Telemedicine startup CirrusMD raises $15M

From left to right: Scott Johnson, Blake McKinney and Andy Altorfer. (Photos courtesy CirrusMD)

Denver telemedicine startup CirrusMD has injected itself with an additional $15 million.

The startup, founded in 2012, raised its Series B round of funding last week from investors, including Drive Capital and the Colorado Impact Fund.

“It comes at a meaningful time of growth for us,” said Andrew Altorfer, CEO and co-founder. “We’re rapidly expanding with some of the largest health care companies in the country. We’re using this round to expand our team and our existing customers.”

The startup employs 40 people in RiNo’s Catalyst, an office building at 3513 Brighton Blvd. Altorfer said CirrusMD plans to double the startup’s headcount in the next year.

“We built our offices with the expectation for growth, which fortunately has come to fruition,” Altorfer said.

CirrusMD makes and sells software for patients that allows them to directly text their doctors about their health concerns, instead of having to see the doctor in person.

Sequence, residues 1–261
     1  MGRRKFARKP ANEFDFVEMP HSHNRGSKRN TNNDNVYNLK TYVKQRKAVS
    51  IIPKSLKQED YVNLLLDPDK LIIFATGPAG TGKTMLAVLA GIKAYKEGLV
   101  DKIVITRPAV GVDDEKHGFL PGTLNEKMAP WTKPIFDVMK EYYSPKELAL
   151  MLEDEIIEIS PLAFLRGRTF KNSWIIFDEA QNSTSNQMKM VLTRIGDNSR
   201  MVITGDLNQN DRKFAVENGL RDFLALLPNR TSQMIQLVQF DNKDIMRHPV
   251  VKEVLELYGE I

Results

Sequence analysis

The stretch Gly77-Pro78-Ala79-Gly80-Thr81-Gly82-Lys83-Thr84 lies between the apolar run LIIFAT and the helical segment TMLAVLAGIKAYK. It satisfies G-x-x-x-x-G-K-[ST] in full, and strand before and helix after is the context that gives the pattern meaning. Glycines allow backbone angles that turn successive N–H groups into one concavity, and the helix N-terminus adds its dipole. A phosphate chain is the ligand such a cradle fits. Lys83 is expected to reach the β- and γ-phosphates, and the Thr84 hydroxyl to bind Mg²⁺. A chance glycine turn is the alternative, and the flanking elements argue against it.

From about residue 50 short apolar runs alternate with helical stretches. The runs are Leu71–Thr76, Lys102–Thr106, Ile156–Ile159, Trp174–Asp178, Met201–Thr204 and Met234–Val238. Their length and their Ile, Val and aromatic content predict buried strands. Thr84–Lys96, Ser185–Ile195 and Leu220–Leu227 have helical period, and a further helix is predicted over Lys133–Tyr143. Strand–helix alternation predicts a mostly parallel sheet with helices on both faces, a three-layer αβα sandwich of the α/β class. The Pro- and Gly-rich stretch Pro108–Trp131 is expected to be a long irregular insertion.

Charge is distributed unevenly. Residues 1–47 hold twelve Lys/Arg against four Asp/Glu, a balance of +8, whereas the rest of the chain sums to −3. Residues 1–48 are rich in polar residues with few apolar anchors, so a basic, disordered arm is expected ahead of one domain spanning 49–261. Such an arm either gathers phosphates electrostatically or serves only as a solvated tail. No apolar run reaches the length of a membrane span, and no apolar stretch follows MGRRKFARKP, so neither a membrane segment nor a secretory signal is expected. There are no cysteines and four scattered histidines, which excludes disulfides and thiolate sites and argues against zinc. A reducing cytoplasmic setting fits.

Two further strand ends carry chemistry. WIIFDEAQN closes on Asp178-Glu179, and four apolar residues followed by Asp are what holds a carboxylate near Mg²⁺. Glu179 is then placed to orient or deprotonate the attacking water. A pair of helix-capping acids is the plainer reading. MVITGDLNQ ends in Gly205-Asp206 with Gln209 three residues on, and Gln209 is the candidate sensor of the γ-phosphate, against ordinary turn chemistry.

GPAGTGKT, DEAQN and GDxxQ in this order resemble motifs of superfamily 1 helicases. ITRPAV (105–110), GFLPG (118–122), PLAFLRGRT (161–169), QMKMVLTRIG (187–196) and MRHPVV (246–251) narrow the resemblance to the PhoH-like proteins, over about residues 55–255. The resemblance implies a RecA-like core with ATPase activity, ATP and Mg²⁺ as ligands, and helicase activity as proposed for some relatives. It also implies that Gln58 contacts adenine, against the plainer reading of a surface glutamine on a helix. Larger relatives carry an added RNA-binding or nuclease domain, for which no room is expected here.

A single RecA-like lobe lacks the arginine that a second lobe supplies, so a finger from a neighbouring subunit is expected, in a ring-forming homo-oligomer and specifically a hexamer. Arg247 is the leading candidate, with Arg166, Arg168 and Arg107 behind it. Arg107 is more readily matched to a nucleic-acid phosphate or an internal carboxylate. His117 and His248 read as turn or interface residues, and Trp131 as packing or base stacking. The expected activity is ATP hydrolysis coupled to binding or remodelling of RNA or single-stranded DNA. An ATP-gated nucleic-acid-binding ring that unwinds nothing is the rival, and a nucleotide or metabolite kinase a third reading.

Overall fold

CirrusMD allows patients to directly text their doctors about their health concerns.

“We have about 3 million people with access to the platform through their insurance companies, and we expect to triple that within the next 12 months,” Altorfer said.

Altorfer said being part of Catalyst has helped him score meetings with potential investors or customers when they are in town visiting other tenants of the building.

“We were very early leaders in the concept,” Altorfer said. “It’s a great way to connect with other companies doing interesting things in the space. One of our larger customers is in the building.”

CirrusMD is hiring for all its departments, including engineering, marketing and especially account management.

“Account management is really critical for us,” Altorfer said. “We’re dealing with large customers … providing a really high-level, high quality of support is really critical for us right now.”

CirrusMD’s recent round of funding brings the startup to a total of $26 million. Altorfer declined to say whether the company is profitable.

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